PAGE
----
A tragic hero is the "protagonist of a "tragedy in "drama. In his Poetics, Aristotle records the descriptions of the tragic hero to the playwright and strictly defines the place that the tragic hero must play and the kind of man he must be. Aristotle based his observations on previous dramas. Many of the most famous instances of tragic heroes appear in Greek literature, most notably the works of Sophocles and Euripides.
In his "Poetics, Aristotle suggests that a hero of a tragedy must evoke in the audience a sense of pity or fear, saying, “the change of fortune presented must not be the spectacle of a virtuous man brought from prosperity to adversity." In other words, the focus of the tragic hero should not be in the loss of his "prosperity. He establishes the concept that the emotion of "pity stems not from a person becoming better but when a person receives undeserved misfortune - and "fear comes when the misfortune befalls a man like us. This is why Aristotle points out the simple fact that, “The change of fortune should be not from bad to good, but, reversely, from good to bad.” According to Aristotle a tragic hero is thought to be a man whose misfortune comes to him, "not through vice or depravity but by some error of judgment." This is called "hamartia, which refers to the character's lack in judgement, a mistake made, or a flaw. In Sophocles' "Oedipus Rex, for example, the title character kills a man without knowing that the man in question is his father, then marries his mother out of ignorance.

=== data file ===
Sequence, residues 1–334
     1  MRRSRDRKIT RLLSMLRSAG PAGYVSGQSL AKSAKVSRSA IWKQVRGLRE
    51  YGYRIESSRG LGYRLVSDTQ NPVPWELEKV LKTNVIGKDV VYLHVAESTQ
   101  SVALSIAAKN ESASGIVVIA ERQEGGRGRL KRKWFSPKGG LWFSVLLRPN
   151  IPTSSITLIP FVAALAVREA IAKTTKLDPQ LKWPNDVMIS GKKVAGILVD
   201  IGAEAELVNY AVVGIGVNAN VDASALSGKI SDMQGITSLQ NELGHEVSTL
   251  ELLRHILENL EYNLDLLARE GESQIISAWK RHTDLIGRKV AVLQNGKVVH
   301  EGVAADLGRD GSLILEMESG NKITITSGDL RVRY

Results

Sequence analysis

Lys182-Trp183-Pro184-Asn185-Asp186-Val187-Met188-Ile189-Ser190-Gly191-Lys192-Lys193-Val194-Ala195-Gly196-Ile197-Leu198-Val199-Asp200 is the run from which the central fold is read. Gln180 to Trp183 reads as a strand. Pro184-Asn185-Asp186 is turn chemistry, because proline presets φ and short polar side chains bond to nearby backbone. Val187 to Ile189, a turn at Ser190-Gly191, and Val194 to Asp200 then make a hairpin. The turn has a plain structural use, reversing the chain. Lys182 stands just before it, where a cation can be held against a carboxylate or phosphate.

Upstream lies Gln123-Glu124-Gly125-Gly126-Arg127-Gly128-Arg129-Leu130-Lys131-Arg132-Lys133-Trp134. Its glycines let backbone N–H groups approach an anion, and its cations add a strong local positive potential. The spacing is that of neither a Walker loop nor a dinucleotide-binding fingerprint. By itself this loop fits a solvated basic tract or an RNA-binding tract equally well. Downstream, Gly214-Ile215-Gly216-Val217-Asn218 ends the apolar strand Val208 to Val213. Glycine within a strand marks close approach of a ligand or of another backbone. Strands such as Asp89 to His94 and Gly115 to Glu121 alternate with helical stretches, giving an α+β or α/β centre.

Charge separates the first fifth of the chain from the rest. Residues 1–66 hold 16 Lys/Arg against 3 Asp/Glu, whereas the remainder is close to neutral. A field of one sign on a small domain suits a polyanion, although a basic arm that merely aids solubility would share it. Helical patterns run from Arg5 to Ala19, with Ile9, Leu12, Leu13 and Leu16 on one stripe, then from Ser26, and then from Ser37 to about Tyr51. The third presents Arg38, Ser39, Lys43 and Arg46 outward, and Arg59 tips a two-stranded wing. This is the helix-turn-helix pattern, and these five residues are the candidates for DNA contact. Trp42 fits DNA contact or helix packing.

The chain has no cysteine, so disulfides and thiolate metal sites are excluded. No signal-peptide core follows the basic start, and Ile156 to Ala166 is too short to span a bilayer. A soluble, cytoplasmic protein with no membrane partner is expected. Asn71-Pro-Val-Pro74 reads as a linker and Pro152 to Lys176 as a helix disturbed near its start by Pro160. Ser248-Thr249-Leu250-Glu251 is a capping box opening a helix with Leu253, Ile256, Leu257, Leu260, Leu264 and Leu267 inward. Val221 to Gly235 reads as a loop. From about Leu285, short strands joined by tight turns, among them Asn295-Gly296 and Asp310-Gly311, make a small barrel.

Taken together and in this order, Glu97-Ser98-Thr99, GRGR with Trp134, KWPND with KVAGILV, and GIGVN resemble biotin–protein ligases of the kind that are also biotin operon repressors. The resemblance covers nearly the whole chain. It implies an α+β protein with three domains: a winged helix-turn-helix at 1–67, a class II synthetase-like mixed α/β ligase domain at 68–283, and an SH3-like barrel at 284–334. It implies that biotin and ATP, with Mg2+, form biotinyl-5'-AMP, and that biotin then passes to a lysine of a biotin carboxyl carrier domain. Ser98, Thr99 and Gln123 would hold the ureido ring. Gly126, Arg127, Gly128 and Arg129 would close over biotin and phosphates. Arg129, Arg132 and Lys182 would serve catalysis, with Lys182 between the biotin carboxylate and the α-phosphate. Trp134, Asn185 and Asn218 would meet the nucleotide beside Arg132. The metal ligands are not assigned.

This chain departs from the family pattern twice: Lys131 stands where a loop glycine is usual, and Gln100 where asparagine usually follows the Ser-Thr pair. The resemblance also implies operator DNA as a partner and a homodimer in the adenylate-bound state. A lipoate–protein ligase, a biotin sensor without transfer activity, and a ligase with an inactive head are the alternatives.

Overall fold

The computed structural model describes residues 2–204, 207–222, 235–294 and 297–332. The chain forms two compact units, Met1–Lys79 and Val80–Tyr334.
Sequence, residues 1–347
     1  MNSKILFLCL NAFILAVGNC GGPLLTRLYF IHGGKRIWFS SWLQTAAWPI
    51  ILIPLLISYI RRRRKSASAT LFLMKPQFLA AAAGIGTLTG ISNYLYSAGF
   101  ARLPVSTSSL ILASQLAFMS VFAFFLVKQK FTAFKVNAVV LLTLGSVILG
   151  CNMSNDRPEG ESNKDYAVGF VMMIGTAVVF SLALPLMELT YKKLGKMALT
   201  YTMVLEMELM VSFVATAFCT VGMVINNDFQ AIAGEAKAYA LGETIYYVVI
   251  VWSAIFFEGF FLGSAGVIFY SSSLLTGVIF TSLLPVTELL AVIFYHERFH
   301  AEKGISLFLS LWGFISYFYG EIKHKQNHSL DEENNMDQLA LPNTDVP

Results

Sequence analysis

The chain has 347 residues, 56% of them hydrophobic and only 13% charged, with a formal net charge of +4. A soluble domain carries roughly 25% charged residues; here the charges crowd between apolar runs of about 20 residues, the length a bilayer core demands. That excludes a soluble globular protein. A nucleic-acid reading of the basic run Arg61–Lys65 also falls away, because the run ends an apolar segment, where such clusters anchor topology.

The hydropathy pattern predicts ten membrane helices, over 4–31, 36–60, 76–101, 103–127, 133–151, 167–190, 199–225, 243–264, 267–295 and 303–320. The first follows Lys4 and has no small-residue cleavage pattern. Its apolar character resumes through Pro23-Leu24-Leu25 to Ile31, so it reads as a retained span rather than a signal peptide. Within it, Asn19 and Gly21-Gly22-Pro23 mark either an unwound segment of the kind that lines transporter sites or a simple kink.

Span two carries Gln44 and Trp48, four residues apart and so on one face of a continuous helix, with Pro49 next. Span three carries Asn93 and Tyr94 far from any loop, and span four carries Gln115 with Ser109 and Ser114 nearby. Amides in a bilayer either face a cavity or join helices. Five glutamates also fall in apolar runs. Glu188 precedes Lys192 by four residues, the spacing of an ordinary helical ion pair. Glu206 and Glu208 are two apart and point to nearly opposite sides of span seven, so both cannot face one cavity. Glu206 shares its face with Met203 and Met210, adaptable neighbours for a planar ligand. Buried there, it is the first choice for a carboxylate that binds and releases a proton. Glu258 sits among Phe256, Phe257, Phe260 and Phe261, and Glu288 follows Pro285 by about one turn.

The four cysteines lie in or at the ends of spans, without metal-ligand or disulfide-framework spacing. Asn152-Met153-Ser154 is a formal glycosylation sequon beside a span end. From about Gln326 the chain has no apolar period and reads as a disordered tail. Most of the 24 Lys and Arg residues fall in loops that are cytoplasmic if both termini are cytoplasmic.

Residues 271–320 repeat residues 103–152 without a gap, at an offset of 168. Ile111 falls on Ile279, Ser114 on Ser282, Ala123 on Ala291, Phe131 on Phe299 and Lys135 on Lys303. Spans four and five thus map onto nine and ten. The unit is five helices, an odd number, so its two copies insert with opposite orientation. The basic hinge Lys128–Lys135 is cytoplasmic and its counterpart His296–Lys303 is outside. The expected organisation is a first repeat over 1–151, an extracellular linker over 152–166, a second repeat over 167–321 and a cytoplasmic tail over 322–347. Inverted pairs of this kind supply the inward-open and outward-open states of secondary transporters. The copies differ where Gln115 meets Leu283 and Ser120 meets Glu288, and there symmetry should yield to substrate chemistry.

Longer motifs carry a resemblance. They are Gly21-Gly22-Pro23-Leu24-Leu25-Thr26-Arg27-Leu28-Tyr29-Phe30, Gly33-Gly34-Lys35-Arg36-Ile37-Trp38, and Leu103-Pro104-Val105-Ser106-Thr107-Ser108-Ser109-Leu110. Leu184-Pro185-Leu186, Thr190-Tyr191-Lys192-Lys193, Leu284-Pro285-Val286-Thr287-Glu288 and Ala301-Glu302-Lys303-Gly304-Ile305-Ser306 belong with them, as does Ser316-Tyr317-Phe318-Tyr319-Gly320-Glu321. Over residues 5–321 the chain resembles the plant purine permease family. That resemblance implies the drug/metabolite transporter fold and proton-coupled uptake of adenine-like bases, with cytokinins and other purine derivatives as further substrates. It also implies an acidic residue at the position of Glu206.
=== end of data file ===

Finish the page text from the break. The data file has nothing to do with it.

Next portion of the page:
"Creon of Sophocles' "Antigone is another notable example of a tragic hero. Polyneices and his brother, Eteocles, were kings, and the former wanted more power, so he left and assembled an army from a neighboring city. They attacked and the two brothers killed each other. Through Creon's law forbidding the burial of "Polyneices, Creon dooms his own family. Other examples provided by Aristotle include "Thyestes.
Therefore, the Aristotelian hero is characterized as virtuous but not "eminently good," which suggests a noble or important personage who is upstanding and morally inclined while nonetheless subject to "human error. Aristotle's tragic heroes are flawed individuals who commit, without evil intent, great wrongs or injuries that ultimately lead to their misfortune, often followed by tragic realization of the true nature of events that led to this destiny. This means the hero still must be - to some degree - morally grounded. The usual "irony in Greek tragedy is that the hero is both extraordinarily capable and highly moral (in the Greek "honor-culture sense of being duty-bound to moral expectations), and it is these exact, highly-admirable qualities that lead the hero into tragic circumstances. The tragic hero is snared by his or her own greatness: extraordinary competence, a righteous passion for duty, and (often) the arrogance associated with greatness ("hubris).
The influence of the Aristotelian hero extends past "classical Greek literary criticism. Greek theater had a direct and profound influence on Roman theater, and both formed the basis of Western theater continuing into the modern era, and deeply influenced theater, literature and film throughout the world. Many iconic characters in literature, theater, and film are considered by some critics to follow the archetype of the tragic hero. These include "Anakin Skywalker of the Star Wars "prequels (1999–2005) and "Return of the Jedi (1983), Okonkwo of Chinua Achebe's "Things Fall Apart (1958), "Charles Foster Kane from "Citizen Kane, "Arthas Menethil of "Warcraft (2003-2008), "Stannis Baratheon of "A Song of Ice and Fire (1996–present) and "Game of Thrones (2011–2015). A minority of critics have also called "Michael Corleone of the Godfather "trilogy (1972–1990) a tragic hero, although traditional literary conventions would classify him as a "villain, not a tragic hero.